By Scott Williams
March 2001 - Ismael Leyva could have played it safe and stayed in Mexico to build a career in architecture. Or he could have moved to an American city less intimidating than New York to learn English and pursue his dream of working on high-rise buildings.
But Mr. Leyva, a native of Veracruz, Mexico, the son of a barber and a housewife, found himself drawn to America’s largest city. “I thought New York was a place for architects, where things were happening, and I was interested in working on high-rise buildings,” he says.
Mr. Leyva’s desire eventually took him to CK Architects, known now as Costas Kondylis and Associates Architects, a New York architectural firm that specializes in designing interiors for high-rise buildings.
In his 15 years with CK, Mr. Leyva, 49, climbed the architectural ladder from draftsman to project architect to associate to senior associate and, finally, to partner. Along the way, he developed a reputation for designing elegant, functional, and highly salable residential interiors that endeared him to residents and developers alike – a reputation that followed him when he opened his own firm, Ismael Leyva Architects, in 1996.
“Ismael understands modern apartments, and his sense of space is extraordinary,” says David Wine, president of residential development for The Related Companies, the nation’s third-largest owner of residential properties. “His ability to plan apartments that are both efficient and marketable – places in which people enjoy living – is unique.”
The Related Companies, which has built more than 5,000 luxury residences in high-rise Manhattan buildings, chose Mr. Leyva to design, among others, the residential interiors for The Chatham, a 32-story luxury condominium project on Manhattan’s East 65th Street, and the Park Imperial, a residential/commercial development that will house Leyva-designed luxury condominiums on the 48th through 70th floors.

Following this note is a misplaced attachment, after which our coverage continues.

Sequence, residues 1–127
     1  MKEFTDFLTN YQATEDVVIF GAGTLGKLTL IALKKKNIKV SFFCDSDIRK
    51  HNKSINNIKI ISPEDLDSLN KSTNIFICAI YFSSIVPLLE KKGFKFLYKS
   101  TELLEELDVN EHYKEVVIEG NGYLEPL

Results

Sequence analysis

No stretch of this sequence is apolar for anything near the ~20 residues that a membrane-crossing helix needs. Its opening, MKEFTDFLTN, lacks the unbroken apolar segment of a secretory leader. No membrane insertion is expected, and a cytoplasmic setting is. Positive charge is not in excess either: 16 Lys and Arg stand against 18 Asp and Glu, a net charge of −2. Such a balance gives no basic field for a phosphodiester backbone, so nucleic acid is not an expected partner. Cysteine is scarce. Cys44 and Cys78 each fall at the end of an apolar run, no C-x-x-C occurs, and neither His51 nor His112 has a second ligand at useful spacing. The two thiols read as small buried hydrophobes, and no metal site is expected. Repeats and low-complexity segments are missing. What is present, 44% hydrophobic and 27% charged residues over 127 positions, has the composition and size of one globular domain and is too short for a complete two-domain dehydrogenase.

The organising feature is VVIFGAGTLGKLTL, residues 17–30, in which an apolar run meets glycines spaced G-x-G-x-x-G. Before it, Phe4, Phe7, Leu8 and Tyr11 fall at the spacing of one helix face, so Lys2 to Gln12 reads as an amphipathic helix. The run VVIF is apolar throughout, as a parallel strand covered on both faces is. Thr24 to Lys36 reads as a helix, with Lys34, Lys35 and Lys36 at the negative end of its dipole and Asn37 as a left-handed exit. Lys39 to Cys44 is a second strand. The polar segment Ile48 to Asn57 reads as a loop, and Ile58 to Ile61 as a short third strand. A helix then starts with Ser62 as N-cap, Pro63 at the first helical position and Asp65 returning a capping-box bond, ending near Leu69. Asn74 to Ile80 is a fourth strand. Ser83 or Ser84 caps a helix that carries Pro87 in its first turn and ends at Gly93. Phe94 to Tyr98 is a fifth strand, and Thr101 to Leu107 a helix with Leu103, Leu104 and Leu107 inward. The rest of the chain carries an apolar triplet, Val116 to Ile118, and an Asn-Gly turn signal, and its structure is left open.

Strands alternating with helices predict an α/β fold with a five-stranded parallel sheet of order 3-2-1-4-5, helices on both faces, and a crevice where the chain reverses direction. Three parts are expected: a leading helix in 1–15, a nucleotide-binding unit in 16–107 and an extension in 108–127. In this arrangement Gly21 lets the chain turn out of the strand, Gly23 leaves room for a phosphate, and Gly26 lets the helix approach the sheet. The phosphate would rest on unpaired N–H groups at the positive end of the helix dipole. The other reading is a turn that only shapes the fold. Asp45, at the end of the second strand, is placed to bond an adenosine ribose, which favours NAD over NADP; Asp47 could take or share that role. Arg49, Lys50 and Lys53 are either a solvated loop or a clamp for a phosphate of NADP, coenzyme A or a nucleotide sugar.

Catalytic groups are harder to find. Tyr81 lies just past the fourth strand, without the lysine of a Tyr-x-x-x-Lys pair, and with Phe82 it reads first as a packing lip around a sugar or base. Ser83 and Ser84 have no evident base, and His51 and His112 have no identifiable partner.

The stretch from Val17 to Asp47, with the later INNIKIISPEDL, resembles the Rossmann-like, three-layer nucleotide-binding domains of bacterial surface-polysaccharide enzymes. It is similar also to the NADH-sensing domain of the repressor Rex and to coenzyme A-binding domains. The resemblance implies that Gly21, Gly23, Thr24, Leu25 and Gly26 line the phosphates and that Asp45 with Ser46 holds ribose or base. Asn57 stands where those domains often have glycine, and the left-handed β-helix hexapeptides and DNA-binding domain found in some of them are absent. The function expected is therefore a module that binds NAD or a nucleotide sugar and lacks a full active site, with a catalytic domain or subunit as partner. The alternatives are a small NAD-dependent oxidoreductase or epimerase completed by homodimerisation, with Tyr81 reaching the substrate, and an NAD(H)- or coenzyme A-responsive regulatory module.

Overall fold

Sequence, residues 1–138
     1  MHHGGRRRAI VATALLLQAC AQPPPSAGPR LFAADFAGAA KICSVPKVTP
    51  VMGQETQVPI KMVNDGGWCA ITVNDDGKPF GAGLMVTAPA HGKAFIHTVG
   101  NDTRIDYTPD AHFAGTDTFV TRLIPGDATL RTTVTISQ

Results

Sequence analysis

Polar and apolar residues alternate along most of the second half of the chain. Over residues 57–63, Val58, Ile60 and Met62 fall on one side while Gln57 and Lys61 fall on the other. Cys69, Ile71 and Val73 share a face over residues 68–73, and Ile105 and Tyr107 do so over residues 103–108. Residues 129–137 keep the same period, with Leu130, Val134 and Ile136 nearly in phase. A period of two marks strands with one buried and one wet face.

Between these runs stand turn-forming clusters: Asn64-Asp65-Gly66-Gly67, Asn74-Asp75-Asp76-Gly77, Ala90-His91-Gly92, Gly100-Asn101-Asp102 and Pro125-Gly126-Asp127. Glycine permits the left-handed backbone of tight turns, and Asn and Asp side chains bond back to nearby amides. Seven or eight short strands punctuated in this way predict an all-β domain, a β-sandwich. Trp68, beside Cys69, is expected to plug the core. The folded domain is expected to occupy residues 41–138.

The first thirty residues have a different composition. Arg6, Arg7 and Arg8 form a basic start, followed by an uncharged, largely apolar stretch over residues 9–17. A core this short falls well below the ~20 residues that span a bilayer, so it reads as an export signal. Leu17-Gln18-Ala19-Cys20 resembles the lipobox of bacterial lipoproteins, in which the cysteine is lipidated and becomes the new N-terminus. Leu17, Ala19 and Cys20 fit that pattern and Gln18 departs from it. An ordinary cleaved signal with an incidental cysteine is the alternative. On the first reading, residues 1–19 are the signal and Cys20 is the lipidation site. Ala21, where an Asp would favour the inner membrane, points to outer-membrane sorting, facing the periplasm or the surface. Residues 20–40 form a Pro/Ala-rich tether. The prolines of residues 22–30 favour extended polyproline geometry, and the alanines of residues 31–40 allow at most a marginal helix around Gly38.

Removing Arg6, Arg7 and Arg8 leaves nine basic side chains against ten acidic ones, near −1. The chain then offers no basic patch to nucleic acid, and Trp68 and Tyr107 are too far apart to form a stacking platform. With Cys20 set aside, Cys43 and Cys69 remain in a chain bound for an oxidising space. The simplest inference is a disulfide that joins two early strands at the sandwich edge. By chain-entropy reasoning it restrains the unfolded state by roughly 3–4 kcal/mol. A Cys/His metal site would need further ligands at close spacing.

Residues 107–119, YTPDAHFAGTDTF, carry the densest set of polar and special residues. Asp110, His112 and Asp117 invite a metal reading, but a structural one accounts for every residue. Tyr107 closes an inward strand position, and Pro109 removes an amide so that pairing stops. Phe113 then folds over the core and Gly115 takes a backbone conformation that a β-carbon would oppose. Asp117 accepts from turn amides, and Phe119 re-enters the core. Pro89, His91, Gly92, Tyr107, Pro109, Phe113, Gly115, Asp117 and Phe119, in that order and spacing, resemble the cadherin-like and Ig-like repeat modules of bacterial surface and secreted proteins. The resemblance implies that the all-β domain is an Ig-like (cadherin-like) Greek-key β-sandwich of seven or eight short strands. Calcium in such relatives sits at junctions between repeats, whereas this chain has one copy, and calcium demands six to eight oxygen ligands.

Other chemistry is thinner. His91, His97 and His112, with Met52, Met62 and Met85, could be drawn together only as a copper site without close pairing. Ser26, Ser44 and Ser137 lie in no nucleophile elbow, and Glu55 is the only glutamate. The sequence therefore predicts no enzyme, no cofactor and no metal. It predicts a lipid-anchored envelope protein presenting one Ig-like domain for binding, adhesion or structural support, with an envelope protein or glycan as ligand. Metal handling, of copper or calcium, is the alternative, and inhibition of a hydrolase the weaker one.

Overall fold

“I think Ismael is known as one of the top residential architects in the New York area,” says Mr. Wine, whose company recently chose Mr. Leyva to design residential interiors for the 600,000-square-foot residential component of the Time Warner Center in New York’s historic Columbus Circle. “Certainly people understand that Related, as one of most successful [developers], puts together the best team possible for any development, and Ismael being part of that team has gained him a certain level of notoriety.”
Mr. Wine says one of the keys to Mr. Leyva’s success is his knack for providing consumers with more usable (and therefore salable) space than other architects. “My job as a developer is to build value,” he says, and an architect plays in important role in building value by ensuring that a purchaser wants to buy or rent the product.
Mr. Leyva is equally popular with engineers and other consultants to his projects, says Jacob Grossman, a structural engineer and principal in the Manhattan engineering firm of Rossenwaser, Grossman Consulting. Mr. Grossman says one sign of a good architect is his ability to work with consultants to make a project both economical and practical to build.
Mr. Leyva, he says, is both a talented and a practical architect who incorporates structural requirements into his designs without sacrificing aesthetics or altering his initial vision. “Some architects have a set mind, and they aren’t open to changing anything,” says Mr. Grossman. “They’re not flexible in their layout.”
Scott Coopchik, director of development for Jones Lang LaSalle, with some 200 offices around the world, describes Mr. Leyva as one of the best designers of residential interiors in the country.
“Ismael is very good at looking at a site and determining how a building would fit on it, but more importantly how to maximize the land that you have and also how to maximize the tenant or owner spaces. In other words, he can figure out how that building should be designed so apartments have the best layouts [and] the most efficient floor plans. The user gets a great apartment, and the developer doesn’t waste any money.”
Mr. Leyva’s talent for designing high-rise residential interiors has led some to compare him with another immigrant architect, Rosario Candela, widely considered to be New York’s finest pre-war apartment designer. Nearly half the apartment buildings built between 1915 and the early 1930s were designed by Mr. Candela and another architect, J.E.R. Carpenter.